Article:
In an ironic reproduction of such colonial constructions, retrieving the ‘glory’ of the ‘Hindu era’ (see for e.g., PPRC Report, p.3, p.6, passim) and asserting the ‘darkness’ of the ‘Muslim era’ (see for e.g., PPRC Report, p.30, p.101, passim) is being sought in the supposed bid to rectify the alleged distortions in existing textbooks. The colonial constructions and their contemporaneous reproduction manifest the misconstruing of the Indian civilization as a product of a hegemonic singular tradition, such that categories like ‘Hindu society’ are uncritically imposed on what has historically been a very diverse social fabric.
- A misrepresentation of India’s past has been circulated with the malicious intent to downsize the component on the sramana/heterodox tradition and the contest between the brahminical and myriad agnostic, materialist and atheistic philosophical traditions of the Indian sub-continent.
- There exists in circulation a serious misrepresentation that the existing textbooks distort India’s past and create an inferiority complex among the country’s youth. It is correspondingly alleged that the ‘glorious’ past of India and presumably widespread social harmony was disrupted by foreign invaders, who destroyed the given social fabric (see for e.g., PPRC Report, p.30, 101, passim). In sharp contrast to such claims, the existing textbooks have a balanced narrative about state formation in various periods with an acute eye on the exploitation and oppression of the Indian population under different rulers along the axes of gender, caste and labour.
- The fact that some who demand revisions in the representation of national heroes in existing history textbooks actually reflect a preoccupation with political eulogies of ‘Hindu’ kings vis-à-vis condemnation and denunciation of ‘Muslim’ rulers (see for e.g., PPRC Report, pp.30-35). Political contestation between different rulers is wrongly portrayed as animosity between different religious communities (see for e.g., PPRC Report, pp.6, 39, 40, 49). Overall, such an approach dangerously contributes to the uncanny undermining of the republican ethos and the secular and democratic principles of present times.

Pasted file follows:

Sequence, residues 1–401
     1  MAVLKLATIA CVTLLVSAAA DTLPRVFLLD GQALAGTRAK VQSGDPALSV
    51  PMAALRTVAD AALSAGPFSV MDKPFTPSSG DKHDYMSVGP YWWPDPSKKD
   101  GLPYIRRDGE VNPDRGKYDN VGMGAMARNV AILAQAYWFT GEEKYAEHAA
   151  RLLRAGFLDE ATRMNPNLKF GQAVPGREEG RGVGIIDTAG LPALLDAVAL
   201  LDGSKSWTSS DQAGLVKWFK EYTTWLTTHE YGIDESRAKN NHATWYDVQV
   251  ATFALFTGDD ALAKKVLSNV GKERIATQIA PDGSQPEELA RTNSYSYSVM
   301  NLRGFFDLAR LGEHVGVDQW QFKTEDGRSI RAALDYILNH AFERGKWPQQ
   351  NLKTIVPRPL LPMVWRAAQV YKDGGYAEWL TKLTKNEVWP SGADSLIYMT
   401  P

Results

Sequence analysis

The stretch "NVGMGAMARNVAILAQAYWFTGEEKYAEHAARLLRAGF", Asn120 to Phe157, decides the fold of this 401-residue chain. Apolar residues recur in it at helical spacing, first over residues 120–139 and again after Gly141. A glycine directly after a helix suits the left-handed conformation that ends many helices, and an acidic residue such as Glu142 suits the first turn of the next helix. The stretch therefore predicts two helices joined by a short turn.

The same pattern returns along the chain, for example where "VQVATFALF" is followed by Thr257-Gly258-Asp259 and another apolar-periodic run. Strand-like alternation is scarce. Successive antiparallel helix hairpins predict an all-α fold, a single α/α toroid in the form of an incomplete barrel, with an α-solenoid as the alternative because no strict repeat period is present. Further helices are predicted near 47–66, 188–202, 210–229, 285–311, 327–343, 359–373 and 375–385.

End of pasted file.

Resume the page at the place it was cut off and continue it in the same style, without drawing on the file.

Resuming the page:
- The bid to revisit the representation of the ancient era in the textbooks often slides into an uncanny defense of patriliny and glossing over complex gender-based experiences and hierarchies spread across social segments. In one such bid, the presentation in the NCERT textbooks of historical evidence related to elements of gender inequality in earlier times is contested on the grounds that later nationalist iconography has stoutly venerated motherhood (see for e.g., the discussion on images of Bharat Mata in the PPRC Report, p.26).
- In the name of assigning equal representation of all time periods, some claims slide into the demonization of “non-native Islamic” rulers of the medieval period as serial temple destroyers, religious bigots and power-hungry marauders (see for e.g., PPRC Report, pp.36-40). Such allegations present ideologically tainted accounts of state formation that alienate individual rulers and their actions from their immediate context of social and political processes. The resulting misrepresentation of Indian history can fuel heightened religious sectarianism and communal feelings; thereby endangering the social fabric of Indian society.
- Some circulating claims for revision dangerously reduce the trends of the 19th and 20th century social reform movement to a mere propagation of the “greatness” of western ideals (see for e.g., PPRC Report, p.64).
- In the so-called attempt to draw attention to national heroes, certain claims end up seeking dilution of the information about the marked ideological differences in the political strategies/agendas of various anti-colonial leaders in the bid to gloss over competing ideas of nationalist thought and nation-building (see for e.g., PPRC Report, pp.70-71). The existing textbooks give ample focus to representative personalities from different trends/currents in the anti-colonial struggle. It is important to understand that the attempt at endless exhaustive addition of names to the list of heroic figures is a pedagogic nuisance. This is especially so if these personalities are not situated within the broader trends and trajectories emerging within anti-colonial struggles and within the emerging context of the complex interlinking of different regions with the idea of a ‘nation’. Such an additive exercise overlooks the fact that noteworthy information on over 120 national heroes already exists in the NCERT textbooks, and literally amounts to accusing the existing textbooks of failing to include certain particulars whilst conveniently eliding the accuracy with which they describe the general context of anti-colonial struggles and parallel social movements.